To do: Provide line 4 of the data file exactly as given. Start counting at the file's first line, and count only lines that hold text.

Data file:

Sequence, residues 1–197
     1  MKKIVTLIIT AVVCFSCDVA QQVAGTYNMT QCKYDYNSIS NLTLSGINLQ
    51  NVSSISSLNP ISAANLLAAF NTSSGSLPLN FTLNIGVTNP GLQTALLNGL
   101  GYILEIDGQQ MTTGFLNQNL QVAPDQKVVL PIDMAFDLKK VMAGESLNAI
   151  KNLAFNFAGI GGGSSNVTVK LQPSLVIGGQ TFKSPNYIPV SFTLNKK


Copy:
   101  GYILEIDGQQ MTTGFLNQNL QVAPDQKVVL PIDMAFDLKK VMAGESLNAI